Summary: The passsage is Luke 24:13-35 - the story of the diciples who meet Jesus on the road to Emmaus. The occassion was the 4th Sunday in Easter. The connection with Ronald McDonald was an article that had recently been published by a Diocesan heavyweight, enti

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I’ve made it a rule over the years never to discuss church politics stuff in a sermon.

Indeed, I try to avoid bringing up issues that are specifically churchy altogether, in a sermon especially - partly because I don’t think it’s appropriate to try to polarise people over issues that are contentious, but mainly because I just don’t think most of that stuff is relevant to us here.

I appreciate that many people in many churches do get caught up in these issues, but for the most part, I just can’t get excited about them at all! Can women preach? We worked out the answer to that one here ages ago, and frankly the answer is blatantly obvious. Can women preach? Well … some can and some can’t! Though of course our recent experience here has been, ‘Can They What? Oh Yeah!’

Why do nice, caring, and generally strong-minded people get caught up in these ridiculous issues? I’m not sure, but I think it’s always been like this in the church. We have a long history of being consistently obsessed with the wrong issues!

I’m told that when, in the early 19th century, the government of Brittain was locked in debate over whether to end the slave trade, the church was totally focused on the issue of what colour scarfs the priests should be wearing at the Eucharist. And I don’t think we’ve progressed very far since. I think on the whole that the issues that the institutional church obsesses over are generally completely out of touch, not only with what its members are really concerned about, but equally (and far more importantly) out of touch with what God is really concerned about!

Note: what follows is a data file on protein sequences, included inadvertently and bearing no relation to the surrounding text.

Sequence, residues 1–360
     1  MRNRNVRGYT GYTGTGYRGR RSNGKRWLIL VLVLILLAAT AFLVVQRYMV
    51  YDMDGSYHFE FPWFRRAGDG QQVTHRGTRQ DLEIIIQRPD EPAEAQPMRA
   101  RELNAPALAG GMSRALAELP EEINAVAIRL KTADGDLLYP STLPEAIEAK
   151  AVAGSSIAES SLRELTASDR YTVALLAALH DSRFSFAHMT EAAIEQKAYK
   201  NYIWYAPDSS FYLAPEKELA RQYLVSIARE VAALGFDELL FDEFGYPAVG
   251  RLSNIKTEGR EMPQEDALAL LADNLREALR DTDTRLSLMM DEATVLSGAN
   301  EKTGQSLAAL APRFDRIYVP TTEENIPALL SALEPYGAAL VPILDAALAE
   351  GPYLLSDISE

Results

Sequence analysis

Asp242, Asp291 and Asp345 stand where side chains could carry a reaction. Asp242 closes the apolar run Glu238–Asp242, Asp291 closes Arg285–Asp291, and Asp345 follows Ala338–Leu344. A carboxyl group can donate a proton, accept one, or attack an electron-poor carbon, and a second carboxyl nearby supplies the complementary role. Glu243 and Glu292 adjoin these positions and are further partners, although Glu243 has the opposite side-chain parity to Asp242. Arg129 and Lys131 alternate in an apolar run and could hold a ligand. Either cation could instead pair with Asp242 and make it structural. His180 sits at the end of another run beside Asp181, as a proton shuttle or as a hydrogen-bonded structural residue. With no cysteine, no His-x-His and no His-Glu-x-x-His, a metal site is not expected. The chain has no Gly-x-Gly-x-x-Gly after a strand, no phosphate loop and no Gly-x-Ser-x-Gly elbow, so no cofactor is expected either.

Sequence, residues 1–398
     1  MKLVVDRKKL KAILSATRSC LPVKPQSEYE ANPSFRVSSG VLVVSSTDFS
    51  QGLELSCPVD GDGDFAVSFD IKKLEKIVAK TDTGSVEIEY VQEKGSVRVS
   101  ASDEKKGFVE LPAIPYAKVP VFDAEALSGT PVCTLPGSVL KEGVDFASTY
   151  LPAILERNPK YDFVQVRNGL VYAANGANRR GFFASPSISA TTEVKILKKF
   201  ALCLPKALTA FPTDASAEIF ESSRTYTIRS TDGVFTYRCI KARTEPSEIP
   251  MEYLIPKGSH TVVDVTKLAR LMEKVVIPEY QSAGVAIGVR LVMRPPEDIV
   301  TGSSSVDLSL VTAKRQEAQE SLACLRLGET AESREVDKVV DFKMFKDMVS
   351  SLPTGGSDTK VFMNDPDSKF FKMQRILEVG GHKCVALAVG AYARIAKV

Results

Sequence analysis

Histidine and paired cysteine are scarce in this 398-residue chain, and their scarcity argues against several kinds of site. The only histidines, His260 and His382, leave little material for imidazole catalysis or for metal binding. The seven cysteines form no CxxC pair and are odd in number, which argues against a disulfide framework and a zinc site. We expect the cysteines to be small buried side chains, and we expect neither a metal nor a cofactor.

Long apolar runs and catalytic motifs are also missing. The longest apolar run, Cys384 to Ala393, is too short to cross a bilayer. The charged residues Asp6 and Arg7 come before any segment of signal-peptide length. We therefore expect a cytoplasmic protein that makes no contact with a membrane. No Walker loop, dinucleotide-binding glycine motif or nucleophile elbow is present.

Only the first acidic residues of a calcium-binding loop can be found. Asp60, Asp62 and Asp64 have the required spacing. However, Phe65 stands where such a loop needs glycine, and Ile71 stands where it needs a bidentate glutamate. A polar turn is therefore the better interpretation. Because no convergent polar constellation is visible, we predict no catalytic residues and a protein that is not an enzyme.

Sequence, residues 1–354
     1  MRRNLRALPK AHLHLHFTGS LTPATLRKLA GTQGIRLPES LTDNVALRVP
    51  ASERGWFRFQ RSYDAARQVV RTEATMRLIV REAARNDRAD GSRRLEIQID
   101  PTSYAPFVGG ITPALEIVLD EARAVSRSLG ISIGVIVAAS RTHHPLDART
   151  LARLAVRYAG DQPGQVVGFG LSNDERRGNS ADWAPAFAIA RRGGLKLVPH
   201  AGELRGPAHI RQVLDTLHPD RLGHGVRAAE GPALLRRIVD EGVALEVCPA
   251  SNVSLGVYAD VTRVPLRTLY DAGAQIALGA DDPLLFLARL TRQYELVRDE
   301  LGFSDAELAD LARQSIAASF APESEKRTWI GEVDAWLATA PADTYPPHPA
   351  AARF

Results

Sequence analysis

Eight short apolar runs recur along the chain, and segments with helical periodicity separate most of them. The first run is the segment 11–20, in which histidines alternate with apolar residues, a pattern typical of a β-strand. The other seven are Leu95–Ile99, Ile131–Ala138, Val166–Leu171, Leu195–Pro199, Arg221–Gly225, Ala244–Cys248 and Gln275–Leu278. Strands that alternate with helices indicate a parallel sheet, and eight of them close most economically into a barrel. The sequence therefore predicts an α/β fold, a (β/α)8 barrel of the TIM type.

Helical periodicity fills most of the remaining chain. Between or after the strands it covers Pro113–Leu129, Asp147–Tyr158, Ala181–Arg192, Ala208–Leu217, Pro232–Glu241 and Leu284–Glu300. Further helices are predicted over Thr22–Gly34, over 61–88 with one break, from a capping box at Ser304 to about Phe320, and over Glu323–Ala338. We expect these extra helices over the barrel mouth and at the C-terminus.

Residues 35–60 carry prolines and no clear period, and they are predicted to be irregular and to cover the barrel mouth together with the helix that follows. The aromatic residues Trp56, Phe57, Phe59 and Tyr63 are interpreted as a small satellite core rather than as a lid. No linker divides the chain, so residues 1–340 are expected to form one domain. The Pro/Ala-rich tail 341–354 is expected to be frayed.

So I don’t talk about internal church political issues … ever … except for today.

I am going to break my rule. Why? Because I can’t get over this article that I read earlier in the week - one that has winged its way to us straight from the ecclesiastical epicentre, entitled, “McDonald’s church is no bad thing” - an article that suggests that McDonald’s restaurants may indeed provide us with an appropriate organisational model for the church of the future!

Now I won’t mention the author’s name (though you can find out for yourself if you’re interested) and I won’t go into the minutiae of the article, though I will say, in the author’s defence, that his thesis is not simply that if you put enough money in marketing, people will swallow whatever crap you feed them.

Having said that, the title of the article and the graphic that goes with it - a pious Ronald McDonald in a posture of fervent prayer - itself says more than the words themselves could possibly say, for we all know what makes the McDonalds formula work - one word: ‘predictability’.

We know that whenever we go to a McDonalds restaurant, we will be able to buy the same burgers, packaged into the same McValue meals, with the same sugary drinks and the same fatty chips.

And we’re willing to turn a blind eye to the fact that the piece of cheese that was in there somewhere seems to be getting smaller year by year, and we’re ok about the low nutritional value of the food, and we’ll live with the fact that we’re supporting an organisation that uses non-union labour and upholds questionable work practices for we know what we’re getting, and we know that it will keep our children happy, and we know that the toilets will be clean.

And yes, this pattern of offering the same ‘predictable’, neatly-packaged, low-nutritional-value product at every venue evidently does seem to be attractive to a lot of churches nowadays, especially those that are keen to share in the McRiches that the fat-friendly clown seems to have on offer. But the problem is that this model just doesn’t fit too well with the Gospels, and not only because it’s greedy, money-grabbing, mindless and crap-dispensing, but even more so, I’d suggest, because of the very predictability of it all! For while there are a lot of characteristics you could attribute to Jesus as He is depicted in the New Testament, predictability would not seem to be one of them!

We struck this head-on on Easter Sunday, you will remember: ’He is not here!’

That was the triumphant proclamation with which we began our service a couple of weeks ago.

He is not here! It was the word given to the disciples at the tomb when they came looking for the dead body of Jesus. They thought they knew where to find Jesus, but they were wrong. He was not there. No one had predicted His movements! They knew where He had been, and they had an idea as to where He was heading, but as to where He was at that specific point in time, they had no idea!

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